The image below illustrates the technique I used to stretch the fabric on the print bed. I used a combination of binder clips on the edges with some masking/painters tape on the bed to keep the fabric flat against it.

taught fabric

I’m pleased with what I discovered during this process, but I definitely think I could spend a few more weeks finessing the incorporation of electronics - both on the hardware end and on the model design. I definitely think this is the kind of project that might require some custom PCB design, which is a good next step for me!

If you are interested in setting up your own 3D printing work space, check out our 3D printing tools. If you are interested in 3D printing but don’t have a printer, check out your local library or makerspace! If all else fails, you can always order prints online from companies like Shapeways.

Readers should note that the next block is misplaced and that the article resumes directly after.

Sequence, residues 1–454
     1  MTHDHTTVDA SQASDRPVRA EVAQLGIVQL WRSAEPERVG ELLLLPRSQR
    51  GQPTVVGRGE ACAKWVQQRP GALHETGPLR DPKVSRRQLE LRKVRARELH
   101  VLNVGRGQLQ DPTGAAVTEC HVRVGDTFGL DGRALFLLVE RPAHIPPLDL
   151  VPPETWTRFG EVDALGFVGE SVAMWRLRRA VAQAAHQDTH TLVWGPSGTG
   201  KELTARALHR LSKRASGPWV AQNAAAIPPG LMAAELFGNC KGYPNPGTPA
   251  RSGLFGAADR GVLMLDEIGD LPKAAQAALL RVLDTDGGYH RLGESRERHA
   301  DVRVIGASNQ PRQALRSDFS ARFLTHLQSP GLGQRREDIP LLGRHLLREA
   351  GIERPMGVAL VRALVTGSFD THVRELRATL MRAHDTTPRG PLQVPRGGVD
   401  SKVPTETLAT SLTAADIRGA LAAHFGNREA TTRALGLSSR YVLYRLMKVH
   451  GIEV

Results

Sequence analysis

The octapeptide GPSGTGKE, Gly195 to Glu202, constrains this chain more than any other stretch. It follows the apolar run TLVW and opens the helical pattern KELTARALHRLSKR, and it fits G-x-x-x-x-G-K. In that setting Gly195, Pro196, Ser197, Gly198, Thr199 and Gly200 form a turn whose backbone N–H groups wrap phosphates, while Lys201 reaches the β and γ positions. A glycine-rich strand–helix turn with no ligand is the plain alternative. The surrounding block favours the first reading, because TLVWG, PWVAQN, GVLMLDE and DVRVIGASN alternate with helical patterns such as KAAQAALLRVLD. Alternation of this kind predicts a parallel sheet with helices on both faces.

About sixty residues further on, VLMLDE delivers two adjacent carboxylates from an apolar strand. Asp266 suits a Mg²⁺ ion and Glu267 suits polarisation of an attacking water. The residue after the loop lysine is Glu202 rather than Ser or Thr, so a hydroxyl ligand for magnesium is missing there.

Let us know what you think about 3D printing on fabric in the comments below!


Comments 9 comments

  • It’s quite interesting!! 3d Printing fabric is going to be one of the big achievements in 3d printing technology.

  • Great work, Feldi! Reading through your post, I was just starting to think “LEDs” when you started talking about electronics - as they say, “great minds think alike” (gotta mention the theme at a local Mensa convention last year was “Great minds like a think”).

    You mention that you were using nylon cloth, and ABS filament. The thought occurs to me that you might try PLA, as it uses a somewhat lower temperature. (I’d be disinclined to try using polyester cloth, but there might be something else that’s both “nearly transparent” but has a higher melting point than nylon – that could help with the “burning” issue.)